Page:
Bill Mandates Rendering Aid in Overdoses

Bill Mandates Rendering Aid in Overdoses

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SALT LAKE CITY (AP) -- Citing overdose victims dying because their friends fail to get help, a legislator is proposing making it a crime to not render aid.

The bill sponsored by Rep. Carol Spackman Moss, D-Salt Lake City, would apply not just to overdoses incidents but to any case in which a person should be rendering aid but does not do so.

It would make failure to render aid a class B misdemeanor.

"Law enforcement feels like their hands are just tied. Parents are like, 'Isn't there any consequence for these kids that abandon their friends?' " she said. "If you're going to do drugs with your friends, and somebody gets into a bad situation, you can't just abandon them or you're going to be liable."

Mike Sorich, the father of overdose victim Amelia Sorich, said he supports anything that would prevent a situation like what happened to his daughter from happening to someone else.

The 18-year-old woman died in June after being injected twice with a mixture of cocaine and heroin by her best friend during a party. Instead of calling 911 or a parent when they noticed she was unconscious, they let her die and then dumped her body in the foothills above Bountiful.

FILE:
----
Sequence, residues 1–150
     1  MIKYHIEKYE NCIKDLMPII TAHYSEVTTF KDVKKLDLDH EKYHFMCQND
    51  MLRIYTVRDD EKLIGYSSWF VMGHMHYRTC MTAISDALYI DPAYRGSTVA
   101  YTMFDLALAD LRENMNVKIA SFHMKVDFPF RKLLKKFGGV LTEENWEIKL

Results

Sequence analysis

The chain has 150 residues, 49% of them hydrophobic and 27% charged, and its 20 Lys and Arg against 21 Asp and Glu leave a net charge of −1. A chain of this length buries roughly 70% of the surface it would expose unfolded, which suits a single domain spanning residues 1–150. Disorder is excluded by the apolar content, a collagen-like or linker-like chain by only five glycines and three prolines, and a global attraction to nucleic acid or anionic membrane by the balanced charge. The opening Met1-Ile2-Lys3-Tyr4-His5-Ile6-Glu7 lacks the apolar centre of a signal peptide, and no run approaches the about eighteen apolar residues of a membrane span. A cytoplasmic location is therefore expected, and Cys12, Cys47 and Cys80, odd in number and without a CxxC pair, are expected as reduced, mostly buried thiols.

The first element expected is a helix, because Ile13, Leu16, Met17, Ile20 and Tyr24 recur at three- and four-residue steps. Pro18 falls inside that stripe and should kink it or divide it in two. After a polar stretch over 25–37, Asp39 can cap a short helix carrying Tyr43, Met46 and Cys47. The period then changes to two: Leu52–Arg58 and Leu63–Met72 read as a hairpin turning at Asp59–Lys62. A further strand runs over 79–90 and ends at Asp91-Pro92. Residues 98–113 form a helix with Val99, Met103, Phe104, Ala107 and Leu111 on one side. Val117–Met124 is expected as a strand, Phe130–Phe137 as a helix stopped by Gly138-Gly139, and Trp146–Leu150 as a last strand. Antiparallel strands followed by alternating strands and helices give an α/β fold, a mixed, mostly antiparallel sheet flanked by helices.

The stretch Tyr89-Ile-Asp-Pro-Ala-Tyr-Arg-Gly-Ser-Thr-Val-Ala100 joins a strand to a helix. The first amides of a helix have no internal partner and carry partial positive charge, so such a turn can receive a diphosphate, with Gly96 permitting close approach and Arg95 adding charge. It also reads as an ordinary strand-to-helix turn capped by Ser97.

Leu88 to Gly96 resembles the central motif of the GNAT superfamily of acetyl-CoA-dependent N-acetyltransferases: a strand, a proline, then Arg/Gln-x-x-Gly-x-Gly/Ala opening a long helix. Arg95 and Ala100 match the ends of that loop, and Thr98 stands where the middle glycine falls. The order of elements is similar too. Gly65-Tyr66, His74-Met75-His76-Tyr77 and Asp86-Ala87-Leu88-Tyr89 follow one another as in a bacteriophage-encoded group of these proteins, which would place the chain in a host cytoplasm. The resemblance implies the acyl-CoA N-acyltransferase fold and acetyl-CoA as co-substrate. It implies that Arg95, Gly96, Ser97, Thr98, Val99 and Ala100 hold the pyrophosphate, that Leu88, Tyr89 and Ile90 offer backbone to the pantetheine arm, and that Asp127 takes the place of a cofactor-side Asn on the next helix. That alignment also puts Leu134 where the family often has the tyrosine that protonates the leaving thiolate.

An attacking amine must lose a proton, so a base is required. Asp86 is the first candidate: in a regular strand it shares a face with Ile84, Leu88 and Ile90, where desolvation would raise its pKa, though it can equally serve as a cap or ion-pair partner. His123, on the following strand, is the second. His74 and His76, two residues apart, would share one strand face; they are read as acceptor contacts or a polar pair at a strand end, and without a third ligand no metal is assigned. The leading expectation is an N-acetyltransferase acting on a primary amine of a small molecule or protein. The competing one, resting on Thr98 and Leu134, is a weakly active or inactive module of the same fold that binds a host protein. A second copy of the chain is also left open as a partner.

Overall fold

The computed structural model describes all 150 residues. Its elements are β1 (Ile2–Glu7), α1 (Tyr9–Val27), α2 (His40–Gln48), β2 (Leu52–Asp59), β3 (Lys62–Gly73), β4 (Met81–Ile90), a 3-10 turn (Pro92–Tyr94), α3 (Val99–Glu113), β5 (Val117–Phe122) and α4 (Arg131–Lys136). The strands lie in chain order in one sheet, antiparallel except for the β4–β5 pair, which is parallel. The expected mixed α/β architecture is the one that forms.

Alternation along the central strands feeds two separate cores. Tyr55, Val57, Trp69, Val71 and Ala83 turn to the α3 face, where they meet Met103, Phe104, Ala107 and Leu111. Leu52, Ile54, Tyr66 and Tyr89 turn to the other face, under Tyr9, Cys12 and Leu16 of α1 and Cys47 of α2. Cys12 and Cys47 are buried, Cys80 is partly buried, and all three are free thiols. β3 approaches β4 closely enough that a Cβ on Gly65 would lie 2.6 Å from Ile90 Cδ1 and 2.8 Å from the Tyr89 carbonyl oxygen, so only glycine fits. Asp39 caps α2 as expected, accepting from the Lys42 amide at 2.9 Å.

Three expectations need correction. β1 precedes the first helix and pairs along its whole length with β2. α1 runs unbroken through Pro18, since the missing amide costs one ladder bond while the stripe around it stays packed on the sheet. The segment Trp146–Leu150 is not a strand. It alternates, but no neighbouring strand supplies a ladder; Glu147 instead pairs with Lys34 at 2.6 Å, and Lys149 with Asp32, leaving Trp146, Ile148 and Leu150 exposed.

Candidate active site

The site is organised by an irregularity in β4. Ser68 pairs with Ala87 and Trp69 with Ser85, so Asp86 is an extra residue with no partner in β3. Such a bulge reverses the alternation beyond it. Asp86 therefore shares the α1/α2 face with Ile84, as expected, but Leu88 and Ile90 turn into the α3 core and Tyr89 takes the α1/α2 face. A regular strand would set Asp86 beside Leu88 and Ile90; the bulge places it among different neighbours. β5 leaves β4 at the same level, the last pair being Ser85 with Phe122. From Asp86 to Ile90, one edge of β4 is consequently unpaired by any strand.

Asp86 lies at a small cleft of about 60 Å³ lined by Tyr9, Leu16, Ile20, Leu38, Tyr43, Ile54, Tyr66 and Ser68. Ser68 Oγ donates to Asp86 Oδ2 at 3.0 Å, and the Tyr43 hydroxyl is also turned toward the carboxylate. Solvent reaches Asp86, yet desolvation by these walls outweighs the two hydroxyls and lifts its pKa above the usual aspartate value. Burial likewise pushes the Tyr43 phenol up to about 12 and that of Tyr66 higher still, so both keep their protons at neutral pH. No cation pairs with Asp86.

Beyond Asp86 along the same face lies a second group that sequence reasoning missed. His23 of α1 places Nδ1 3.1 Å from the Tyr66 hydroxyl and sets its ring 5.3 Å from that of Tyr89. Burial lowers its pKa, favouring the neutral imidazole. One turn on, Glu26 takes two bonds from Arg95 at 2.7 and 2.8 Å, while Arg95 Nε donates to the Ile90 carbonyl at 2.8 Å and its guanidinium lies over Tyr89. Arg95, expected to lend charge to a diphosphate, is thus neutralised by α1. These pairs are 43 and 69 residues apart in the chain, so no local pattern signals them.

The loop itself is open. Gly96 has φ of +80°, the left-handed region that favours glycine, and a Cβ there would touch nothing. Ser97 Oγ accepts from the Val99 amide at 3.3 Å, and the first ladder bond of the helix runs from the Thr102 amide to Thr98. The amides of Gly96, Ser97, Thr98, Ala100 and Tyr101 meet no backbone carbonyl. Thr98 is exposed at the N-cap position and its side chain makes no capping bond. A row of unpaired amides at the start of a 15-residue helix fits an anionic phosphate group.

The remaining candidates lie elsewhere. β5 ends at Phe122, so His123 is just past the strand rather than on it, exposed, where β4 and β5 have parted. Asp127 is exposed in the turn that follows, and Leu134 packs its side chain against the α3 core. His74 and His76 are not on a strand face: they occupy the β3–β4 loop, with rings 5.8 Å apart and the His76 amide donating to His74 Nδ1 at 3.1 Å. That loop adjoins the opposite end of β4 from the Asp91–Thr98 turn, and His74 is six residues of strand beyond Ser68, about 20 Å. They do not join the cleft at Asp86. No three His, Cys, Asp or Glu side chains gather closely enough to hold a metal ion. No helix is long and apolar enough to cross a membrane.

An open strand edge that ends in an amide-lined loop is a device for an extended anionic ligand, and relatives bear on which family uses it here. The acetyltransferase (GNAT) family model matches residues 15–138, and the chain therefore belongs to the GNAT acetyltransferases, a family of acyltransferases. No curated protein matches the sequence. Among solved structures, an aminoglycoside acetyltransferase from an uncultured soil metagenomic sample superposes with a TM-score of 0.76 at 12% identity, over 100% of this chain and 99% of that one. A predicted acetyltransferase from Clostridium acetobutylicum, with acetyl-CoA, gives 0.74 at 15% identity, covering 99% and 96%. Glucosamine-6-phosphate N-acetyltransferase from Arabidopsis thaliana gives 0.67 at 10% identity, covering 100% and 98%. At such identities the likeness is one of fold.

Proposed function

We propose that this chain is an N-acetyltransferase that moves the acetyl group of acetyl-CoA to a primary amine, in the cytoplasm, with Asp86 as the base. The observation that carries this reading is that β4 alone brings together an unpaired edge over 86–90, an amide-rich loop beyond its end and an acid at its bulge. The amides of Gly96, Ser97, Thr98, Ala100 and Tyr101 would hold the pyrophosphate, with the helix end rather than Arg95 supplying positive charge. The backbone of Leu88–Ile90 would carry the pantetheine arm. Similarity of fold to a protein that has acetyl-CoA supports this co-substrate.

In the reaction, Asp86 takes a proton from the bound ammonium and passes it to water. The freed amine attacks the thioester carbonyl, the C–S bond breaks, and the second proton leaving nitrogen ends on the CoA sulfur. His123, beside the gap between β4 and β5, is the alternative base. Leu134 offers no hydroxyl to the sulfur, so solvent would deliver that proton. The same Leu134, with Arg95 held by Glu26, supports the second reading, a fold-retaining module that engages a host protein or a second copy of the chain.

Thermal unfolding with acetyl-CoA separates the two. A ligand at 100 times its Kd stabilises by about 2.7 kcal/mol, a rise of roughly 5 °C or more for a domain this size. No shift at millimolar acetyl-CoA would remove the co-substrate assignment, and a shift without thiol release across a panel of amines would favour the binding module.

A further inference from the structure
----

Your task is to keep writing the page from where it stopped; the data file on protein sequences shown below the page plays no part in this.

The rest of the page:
In a similar incident, the body of 18-year-old Zachary Tyler Martinez was dumped at the Salt Lake County Hang-Gliding Park at Point of the Mountain after he fatally overdosed.

"I think that there needs to be something done so that people just don't let people die. There has to be some consequence," Mike Sorich said. "If someone passes out and are on drugs, then there needs to be consequences (if no help is rendered). Currently the way the law sits now, there's nothing. I just think that's wrong."

Moss agreed to sponsor the bill after she was approached by Salt Lake County sheriff's Deputy Doug Lambert, a former narcotics unit member who specialized in juvenile drug use.

The idea for the bill came when Lambert responded to an overdose on the county's east side last month.

Stephen James Sill, 27, died of a drug overdose in November. By the time his friends called 911, it was too late. Lambert wanted to file negligent homicide charges, but found out that he couldn't.

Furthermore, Lambert said the goal of the bill is not to punish those who abandon their friends, but to educate those people and catch their attention.

(Copyright 2005 by The Associated Press. All Rights Reserved.)

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